My first job out of college was as a sports reporter for the New York City bureau of the Yomiuri Shimbun, a Japanese newspaper based in Tokyo. They hired me a month after I graduated and I started working two months after graduation, making me among the first of my fellow graduates to be gainfully employed. I assisted the bureau’s sportswriter, who was Japanese (each of the bureau’s Japanese journalists had an American assistant), allowing me to cover the World Series, Super Bowl, US Open and several other significant sporting events. They paid me about $40,000 over the 11 months I worked there, which seemed like a bonanza to a 22-year-old who had few expenses and still lived at home.
Perhaps my most memorable day on the job came in mid December, when the bureau’s accountant walked over to my desk and handed me an envelope.
“Robert,” he said in halting English. “Bonus.”
The envelope contained my Christmas bonus check, which was more than $1,200, equivalent to what I made bi-weekly. I vaguely remembered a mention of a “holiday bonus” during my job interview, but I had no idea what that meant. Now, I knew. This working-for-a-living thing is great! I thought to myself. You get a bonus just because it’s the holidays? How neat is that!
The following December, I was in Yakima, Washington, working as an account executive for the Yakima Sun Kings of the minor-league Continental Basketball Association. I was miserable, not because I’d taken a significant pay cut when I chose to leave the Yomiuri Shimbun the previous June, but became I had a job I despised and I’d just found out the Yakima Bears, the minor league baseball team I did radio play-by-play for the previous summer, decided not to bring me back the following season. I’d taken the job with the Sun Kings so I could stay in Yakima and call games for the Bears the following season, a plan that had gone up in smoke. I didn’t get a Christmas bonus from the Sun Kings, but I wasn’t expecting one either. The team was losing a lot of money; it got so bad that one of my Sun Kings paychecks almost bounced, my bank withholding the funds a few extra days to ensure the money was there.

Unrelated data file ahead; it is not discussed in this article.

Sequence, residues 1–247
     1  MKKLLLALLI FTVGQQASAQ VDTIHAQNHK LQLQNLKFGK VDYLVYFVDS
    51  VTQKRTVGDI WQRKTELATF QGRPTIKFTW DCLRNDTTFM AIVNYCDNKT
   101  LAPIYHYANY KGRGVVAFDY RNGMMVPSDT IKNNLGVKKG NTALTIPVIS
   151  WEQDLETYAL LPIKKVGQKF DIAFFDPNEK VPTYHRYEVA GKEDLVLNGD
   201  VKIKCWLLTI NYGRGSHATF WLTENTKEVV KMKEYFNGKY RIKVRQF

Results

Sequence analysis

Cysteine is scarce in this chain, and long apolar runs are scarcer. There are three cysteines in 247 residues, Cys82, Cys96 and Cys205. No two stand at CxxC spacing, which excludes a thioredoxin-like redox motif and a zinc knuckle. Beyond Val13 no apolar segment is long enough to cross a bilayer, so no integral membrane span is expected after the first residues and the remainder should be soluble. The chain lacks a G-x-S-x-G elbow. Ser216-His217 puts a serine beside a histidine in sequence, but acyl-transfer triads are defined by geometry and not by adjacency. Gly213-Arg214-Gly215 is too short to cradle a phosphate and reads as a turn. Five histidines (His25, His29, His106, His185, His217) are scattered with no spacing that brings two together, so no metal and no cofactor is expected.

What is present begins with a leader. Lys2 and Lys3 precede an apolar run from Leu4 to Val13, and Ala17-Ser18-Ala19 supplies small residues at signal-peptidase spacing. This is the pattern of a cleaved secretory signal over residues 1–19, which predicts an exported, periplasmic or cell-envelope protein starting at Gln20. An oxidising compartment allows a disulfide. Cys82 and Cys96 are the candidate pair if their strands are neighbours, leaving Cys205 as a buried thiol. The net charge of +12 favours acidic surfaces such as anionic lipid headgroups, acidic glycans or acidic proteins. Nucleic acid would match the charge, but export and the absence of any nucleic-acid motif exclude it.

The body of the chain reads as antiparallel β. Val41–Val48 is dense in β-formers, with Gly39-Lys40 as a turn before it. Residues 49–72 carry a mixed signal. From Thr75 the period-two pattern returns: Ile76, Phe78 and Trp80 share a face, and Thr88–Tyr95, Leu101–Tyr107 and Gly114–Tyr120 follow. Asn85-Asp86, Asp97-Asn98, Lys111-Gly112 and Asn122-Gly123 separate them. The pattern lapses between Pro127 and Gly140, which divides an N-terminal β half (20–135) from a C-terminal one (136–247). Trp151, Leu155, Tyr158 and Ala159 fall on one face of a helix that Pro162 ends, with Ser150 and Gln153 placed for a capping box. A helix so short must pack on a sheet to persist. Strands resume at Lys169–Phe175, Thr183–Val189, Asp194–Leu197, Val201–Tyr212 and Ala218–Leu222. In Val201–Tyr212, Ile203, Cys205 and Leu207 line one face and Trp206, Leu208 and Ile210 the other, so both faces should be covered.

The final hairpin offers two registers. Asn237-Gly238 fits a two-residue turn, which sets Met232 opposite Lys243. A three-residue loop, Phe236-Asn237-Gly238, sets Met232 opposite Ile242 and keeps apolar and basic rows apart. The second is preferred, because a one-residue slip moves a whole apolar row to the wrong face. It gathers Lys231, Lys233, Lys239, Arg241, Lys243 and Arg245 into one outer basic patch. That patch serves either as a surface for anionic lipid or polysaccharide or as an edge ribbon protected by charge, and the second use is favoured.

I was in much better spirits the following winter. Now, I was in Kalamazoo, Michigan, where I did sports play-by-play and news anchoring and reporting for Fairfield Broadcasting, a local company that owned four radio stations in town. We had an event that was billed as a holiday party, but it was more like a holiday luncheon, since it was held during the day in a conference room. Nevertheless, this event was eagerly anticipated, because the festivities included Fairfield’s 63-year-old company president handing out everyone’s Christmas bonus checks – which amounted to $50 for every year one was with the company – along with a large jar of mixed nuts from one of our sponsors (those jars of nuts became fodder for many jokes between me and my Fairfield co-workers the rest of the year). I picked up another Christmas bonus check – and another jar of nuts – from Fairfield the following December.